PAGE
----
Bouncing back after bad work-place experiences
Many senior doctors, medical and public health leaders experience some degree of micro or macro level occupational trauma during the course of their careers, a proportion of these need expert clinical help to recover. The brain experiences psychological pain in the same way that it experiences physical pain, and while there is no definition of what makes an experience traumatic, occupational trauma is real and happens often. This could be the trauma of a single clinical incident, the experience of bullying behaviours, the rising tide of coping with an unknowable pandemic such as covid, or could be persistent low grade trauma such as delivering clinical or public health services with limited budgets and staff.
There is good news however, as there is increasing evidence that people exposed to even significant levels of trauma can eventually transcend and ‘grow bigger than’ their experiences, this is termed ‘post-traumatic growth’. Career coaching can be very helpful to aid recovery – this may follow a clinical intervention, as well as for those whose needs are non-clinical.
Coping with trauma can be:
- ‘negative’ (causes longer term damage to emotional wellbeing)
- ‘homeostatic’ (restorative without any significant personal development),
- ‘transformational’ (leads to post-traumatic growth).
Post-traumatic transformational growth involves positive internal cognitive changes to:
- psychological resilience
- values after exposure to highly challenging situations.
Traumatic experiences may become experienced as fulfilling, worthwhile and meaningful and can cause workers to feel they have benefited both personally and professionally. Even disaster-related trauma can allow those involved to feel that they have made a contribution or have accomplished something worthwhile, which can lead to:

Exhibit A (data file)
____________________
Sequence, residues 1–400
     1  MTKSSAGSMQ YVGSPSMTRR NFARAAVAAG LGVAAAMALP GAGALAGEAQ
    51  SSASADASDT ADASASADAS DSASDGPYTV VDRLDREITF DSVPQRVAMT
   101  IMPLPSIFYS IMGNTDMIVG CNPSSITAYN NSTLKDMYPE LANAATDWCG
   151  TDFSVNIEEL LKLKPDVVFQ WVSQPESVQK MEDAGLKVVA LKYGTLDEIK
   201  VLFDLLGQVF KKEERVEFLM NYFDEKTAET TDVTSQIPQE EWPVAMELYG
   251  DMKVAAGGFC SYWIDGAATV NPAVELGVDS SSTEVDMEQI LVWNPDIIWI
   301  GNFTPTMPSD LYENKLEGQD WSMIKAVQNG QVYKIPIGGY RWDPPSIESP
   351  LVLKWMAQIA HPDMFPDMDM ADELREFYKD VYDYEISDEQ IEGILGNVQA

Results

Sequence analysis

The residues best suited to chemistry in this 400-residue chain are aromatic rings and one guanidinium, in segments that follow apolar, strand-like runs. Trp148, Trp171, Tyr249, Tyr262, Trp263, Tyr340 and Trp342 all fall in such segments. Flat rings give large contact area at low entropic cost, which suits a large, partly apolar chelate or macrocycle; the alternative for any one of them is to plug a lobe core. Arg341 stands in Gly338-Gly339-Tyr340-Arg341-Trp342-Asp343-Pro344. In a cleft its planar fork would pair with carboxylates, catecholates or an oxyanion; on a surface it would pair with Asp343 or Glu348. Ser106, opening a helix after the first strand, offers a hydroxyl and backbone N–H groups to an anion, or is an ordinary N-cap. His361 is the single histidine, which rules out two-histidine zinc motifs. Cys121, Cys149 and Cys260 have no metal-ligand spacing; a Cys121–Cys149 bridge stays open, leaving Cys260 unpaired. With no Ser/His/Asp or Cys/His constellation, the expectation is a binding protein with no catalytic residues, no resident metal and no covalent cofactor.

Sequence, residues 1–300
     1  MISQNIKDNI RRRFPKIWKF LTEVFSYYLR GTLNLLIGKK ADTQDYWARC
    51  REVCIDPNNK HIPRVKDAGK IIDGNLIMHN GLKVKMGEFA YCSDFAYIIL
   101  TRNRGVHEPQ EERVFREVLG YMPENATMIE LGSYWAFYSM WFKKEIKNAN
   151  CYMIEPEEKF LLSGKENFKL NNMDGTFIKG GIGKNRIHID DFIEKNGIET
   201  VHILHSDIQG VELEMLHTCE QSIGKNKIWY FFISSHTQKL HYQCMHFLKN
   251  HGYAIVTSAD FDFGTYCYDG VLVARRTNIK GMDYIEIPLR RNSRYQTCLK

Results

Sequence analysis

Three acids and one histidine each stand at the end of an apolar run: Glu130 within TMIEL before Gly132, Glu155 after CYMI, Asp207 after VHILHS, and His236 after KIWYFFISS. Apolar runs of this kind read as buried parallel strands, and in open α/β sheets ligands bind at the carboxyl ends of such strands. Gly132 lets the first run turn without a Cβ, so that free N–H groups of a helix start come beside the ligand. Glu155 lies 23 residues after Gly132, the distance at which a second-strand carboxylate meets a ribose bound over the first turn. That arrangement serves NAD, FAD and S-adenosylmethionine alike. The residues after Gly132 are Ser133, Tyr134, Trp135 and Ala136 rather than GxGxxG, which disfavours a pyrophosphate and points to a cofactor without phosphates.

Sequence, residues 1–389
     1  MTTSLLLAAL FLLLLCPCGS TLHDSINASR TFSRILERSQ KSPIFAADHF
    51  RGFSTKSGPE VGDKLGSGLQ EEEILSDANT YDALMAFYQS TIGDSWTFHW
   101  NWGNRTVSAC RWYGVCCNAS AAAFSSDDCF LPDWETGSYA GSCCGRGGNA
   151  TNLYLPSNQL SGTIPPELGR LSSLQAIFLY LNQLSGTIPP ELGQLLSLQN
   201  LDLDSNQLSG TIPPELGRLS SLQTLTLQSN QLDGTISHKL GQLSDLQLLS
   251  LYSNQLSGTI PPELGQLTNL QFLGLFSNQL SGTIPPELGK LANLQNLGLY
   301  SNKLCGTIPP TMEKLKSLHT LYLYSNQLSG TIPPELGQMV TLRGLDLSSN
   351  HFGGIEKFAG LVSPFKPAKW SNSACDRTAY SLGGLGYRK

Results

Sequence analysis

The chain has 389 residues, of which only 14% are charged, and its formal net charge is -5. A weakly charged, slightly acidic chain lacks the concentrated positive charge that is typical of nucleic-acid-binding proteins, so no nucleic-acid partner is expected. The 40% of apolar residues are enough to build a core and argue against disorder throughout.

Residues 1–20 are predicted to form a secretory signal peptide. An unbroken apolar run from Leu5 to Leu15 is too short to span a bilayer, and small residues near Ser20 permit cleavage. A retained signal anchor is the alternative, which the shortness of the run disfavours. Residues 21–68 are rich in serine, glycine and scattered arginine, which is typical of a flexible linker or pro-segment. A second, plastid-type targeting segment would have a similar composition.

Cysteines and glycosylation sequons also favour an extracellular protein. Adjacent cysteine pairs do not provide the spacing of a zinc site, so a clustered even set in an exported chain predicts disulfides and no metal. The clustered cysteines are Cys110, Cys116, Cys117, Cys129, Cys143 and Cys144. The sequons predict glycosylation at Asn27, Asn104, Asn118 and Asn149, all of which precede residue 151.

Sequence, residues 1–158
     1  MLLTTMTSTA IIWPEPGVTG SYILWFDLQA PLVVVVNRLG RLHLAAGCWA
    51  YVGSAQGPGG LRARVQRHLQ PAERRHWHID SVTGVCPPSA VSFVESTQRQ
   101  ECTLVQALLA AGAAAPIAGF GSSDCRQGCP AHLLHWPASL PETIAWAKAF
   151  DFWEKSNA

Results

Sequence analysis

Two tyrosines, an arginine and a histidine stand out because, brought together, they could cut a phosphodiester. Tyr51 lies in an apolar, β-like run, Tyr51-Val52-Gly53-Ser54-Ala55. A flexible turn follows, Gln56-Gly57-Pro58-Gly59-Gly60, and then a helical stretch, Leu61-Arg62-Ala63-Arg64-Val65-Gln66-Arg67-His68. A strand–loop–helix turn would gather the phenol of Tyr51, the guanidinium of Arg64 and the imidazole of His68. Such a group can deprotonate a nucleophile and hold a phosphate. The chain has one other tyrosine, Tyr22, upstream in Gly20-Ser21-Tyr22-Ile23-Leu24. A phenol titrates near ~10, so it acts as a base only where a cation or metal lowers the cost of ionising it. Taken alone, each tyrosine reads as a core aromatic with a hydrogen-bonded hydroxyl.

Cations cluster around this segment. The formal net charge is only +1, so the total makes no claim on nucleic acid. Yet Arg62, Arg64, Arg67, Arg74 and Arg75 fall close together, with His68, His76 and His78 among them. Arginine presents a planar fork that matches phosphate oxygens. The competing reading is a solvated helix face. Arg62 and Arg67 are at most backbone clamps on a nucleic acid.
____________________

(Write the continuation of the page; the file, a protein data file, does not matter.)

- improved wellbeing
- feeling more committed
- valuing life more
- feeling more connected to the community
- increased sense of purpose.
Some of the potential for post-traumatic growth appears to relate to pre-trauma personality traits (including extraversion, openness to internal experience, and optimism). However this does not mean that because they are personality based they cannot be trained over time through coaching and professional development, and the potential for growth is enhanced by learning skills such as self-compassion and emotional regulation.
Whether someone develops a psychological injury or experiences psychological growth in the longer term is likely to be influenced by the way that they are supported before, during, and after a challenging incident. Employers can be pro-active in this regard through risk assessment processes, prevention and early intervention. For those with non-clinical levels of occupational trauma, an expert medical coach and public health coach can support recovery, and enable transformation and longer term wellbeing and satisfaction at work.
Dr Fiona Day is a former Consultant in Public Health Medicine, now working as an Executive Coach providing world-class coaching for senior doctors, medical and public health leaders in the UK and internationally.
Greenberg N et al. Managing mental health challenges faced by healthcare workers during covid-19 pandemic. BMJ 2020; 368
Brooks S, Amlôt R, Rubin GJ, et al.Psychological resilience and post-traumatic growth in disaster-exposed organisations: overview of the literature. BMJ Mil Health 2020;166:52-56